Companies shipping goods Internationally need to provide export invoices to meet trade compliance
What is the difference between an accounting invoice and an export invoice?
Standard ‘accounting invoices’ contain enough information to cover the requirements for domestic sales and transactions. The fields included on an accounting invoice is quite simple compared to an ‘export invoice’. Export invoices include Proforma Invoices and Commercial Invoices used in global trade. Many country’s customs departments will require more details to cover important trade information. Therefore, if this important information is not included it can cause big problems with the customs clearance process in the country of import.
What are the additional requirements for an export invoice document?
Global trade requires sharing information between different country’s customs departments. Customs departments will require extra information including:
Incoterms are the Internationally recognized buying and selling terms used in global trade. They are used to clearly determine when the costs and risks are transferred onto the buyer. Read more about Incoterms here.
Product Classification Codes
HS Codes or HTS codes will be used by customs departments to correctly identify the products contained in global trade shipments.
Port of Loading, Port of Discharge and Final Destination
These fields are important to identify where the goods are being shipped through to. In some cases shipments can be unloaded at one country’s seaport, then be trucked or railed through to a different country – the final country of destination.
Commercial value of goods shipped
In some cases the actual commercial value of the goods that have been shipped can higher than what was charged to the buyer. Sometimes goods are shipped to a buyer as replacement goods or sample goods which are not charged at the full commercial value. Customs departments will need to know the actual commercial value, which may be different to the value on a company’s accounting invoice.
International bank account details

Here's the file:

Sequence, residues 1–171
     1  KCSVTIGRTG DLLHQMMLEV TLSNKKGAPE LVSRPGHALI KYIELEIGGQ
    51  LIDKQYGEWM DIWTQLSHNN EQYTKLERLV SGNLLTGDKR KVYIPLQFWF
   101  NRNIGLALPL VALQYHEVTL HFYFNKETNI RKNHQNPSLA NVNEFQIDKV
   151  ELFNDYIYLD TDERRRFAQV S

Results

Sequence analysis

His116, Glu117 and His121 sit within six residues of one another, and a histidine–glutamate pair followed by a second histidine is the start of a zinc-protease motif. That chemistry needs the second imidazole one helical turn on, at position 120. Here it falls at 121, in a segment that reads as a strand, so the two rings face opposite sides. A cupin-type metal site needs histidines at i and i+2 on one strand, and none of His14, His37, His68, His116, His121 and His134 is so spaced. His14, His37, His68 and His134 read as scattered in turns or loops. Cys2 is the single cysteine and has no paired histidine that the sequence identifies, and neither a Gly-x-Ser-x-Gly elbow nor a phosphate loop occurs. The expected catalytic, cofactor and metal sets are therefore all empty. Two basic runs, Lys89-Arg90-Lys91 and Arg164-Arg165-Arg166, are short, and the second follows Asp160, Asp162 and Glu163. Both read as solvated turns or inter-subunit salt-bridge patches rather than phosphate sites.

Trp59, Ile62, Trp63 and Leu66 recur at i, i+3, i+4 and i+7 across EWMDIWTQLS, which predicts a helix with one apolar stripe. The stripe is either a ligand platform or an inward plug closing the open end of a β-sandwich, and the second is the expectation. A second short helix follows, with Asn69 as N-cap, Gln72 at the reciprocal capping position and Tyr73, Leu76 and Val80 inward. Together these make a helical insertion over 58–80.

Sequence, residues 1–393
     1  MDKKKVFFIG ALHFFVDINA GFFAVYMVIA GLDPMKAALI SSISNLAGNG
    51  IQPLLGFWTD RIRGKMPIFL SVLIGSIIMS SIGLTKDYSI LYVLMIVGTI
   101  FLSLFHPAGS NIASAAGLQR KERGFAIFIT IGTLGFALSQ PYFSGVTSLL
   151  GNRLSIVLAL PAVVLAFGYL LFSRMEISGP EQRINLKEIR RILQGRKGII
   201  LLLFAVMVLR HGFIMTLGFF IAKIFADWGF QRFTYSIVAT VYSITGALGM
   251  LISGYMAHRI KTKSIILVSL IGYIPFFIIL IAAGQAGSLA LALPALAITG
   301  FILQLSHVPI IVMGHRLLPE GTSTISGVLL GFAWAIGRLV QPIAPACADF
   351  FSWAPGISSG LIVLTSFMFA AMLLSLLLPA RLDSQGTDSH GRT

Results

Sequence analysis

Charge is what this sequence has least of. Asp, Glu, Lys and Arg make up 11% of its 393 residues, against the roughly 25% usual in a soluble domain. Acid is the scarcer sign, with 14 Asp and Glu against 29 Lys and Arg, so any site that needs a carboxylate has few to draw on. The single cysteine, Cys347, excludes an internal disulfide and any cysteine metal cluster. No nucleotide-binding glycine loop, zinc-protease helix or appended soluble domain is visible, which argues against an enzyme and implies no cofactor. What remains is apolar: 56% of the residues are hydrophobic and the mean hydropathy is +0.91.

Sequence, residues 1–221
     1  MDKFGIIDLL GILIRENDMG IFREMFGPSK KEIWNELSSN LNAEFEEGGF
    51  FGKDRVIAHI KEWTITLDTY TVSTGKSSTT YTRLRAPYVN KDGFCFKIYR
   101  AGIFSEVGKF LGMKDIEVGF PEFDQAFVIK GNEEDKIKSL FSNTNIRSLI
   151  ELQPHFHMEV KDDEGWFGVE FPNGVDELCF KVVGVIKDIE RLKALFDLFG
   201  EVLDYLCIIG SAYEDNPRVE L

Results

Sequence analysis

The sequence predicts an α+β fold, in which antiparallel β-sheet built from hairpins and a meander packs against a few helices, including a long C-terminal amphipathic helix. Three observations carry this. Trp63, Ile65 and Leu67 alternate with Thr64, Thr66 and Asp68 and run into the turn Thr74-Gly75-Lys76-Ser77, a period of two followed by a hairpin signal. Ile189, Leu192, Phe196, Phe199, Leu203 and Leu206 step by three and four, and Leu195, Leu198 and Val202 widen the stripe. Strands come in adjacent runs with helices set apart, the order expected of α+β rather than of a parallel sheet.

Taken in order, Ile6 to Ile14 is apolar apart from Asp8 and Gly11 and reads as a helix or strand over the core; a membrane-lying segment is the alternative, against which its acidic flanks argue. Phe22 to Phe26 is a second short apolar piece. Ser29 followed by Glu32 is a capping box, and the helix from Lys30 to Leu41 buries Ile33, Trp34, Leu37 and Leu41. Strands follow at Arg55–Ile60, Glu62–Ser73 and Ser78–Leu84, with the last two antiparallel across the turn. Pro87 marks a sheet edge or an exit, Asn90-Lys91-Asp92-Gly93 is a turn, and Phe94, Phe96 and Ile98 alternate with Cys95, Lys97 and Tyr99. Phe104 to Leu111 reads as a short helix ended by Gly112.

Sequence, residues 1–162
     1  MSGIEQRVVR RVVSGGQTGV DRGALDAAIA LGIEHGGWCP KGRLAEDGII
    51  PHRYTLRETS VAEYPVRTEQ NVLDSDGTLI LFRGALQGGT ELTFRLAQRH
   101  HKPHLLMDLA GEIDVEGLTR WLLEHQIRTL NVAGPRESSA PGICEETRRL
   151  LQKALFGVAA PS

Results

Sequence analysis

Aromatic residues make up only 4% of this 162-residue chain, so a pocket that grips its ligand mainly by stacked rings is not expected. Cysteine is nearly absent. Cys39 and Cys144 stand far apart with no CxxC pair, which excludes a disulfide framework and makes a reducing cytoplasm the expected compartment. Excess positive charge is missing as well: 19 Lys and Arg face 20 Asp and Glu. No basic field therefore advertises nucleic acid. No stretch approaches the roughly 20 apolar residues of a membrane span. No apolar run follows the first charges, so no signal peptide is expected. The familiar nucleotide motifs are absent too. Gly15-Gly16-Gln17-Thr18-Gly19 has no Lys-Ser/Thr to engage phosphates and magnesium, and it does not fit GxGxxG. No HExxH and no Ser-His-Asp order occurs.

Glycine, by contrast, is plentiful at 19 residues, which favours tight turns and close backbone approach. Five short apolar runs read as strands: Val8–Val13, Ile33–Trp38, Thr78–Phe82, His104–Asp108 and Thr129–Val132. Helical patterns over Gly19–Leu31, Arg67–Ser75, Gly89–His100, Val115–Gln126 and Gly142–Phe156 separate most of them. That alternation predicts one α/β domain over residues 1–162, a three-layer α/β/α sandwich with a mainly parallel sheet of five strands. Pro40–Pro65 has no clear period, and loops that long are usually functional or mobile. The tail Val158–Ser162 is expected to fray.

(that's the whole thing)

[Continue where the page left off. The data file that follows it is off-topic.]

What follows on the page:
Most accounting invoices do not allow shippers to include their company’s International bank account details. This includes beneficiary account name, SWIFT Codes and International bank account numbers.
Multi Currency Invoices
The currency of goods sold Internationally is usually different to the currency of goods that are sold within the shipper’s country. Therefore export invoices must allow shippers to create invoices using the currency that the goods have been sold.
United Nations Layout Key Format
The United Nations Layout Key is a document model that was created by the UNECE to indicate the location of specific information required for trade documentation. It covers agreed specifications including paper size, margins, structured fields and presentation of data. Following this format ensures that shippers meet International Trade compliance to avoid any misinterpretation that could cause delays, fines and missed shipments.
Example of an accounting invoice and export commercial invoice:
Will shippers have to create both types of invoices?
When exporting goods overseas shippers must create compliant export documents to avoid problems or delays. The data contained in the export invoice still needs to be accounted for within that company’s accounting system. In most cases the data from the export invoice will have to be re-typed into an internal accounting system. Some larger companies require a software integration to eliminate that manual data entry process. IncoDocs can be integrated with your local accounting system. Contact us for more information on invoice integrations.
More Helpful Articles
Read how buyers and sellers digitally countersign proforma invoices, purchase orders and sales contracts online using digital company stamps.
Read how to create Proforma Invoice and Purchase Order documents here.
Read the difference between a Proforma Invoice and Commercial Invoice here.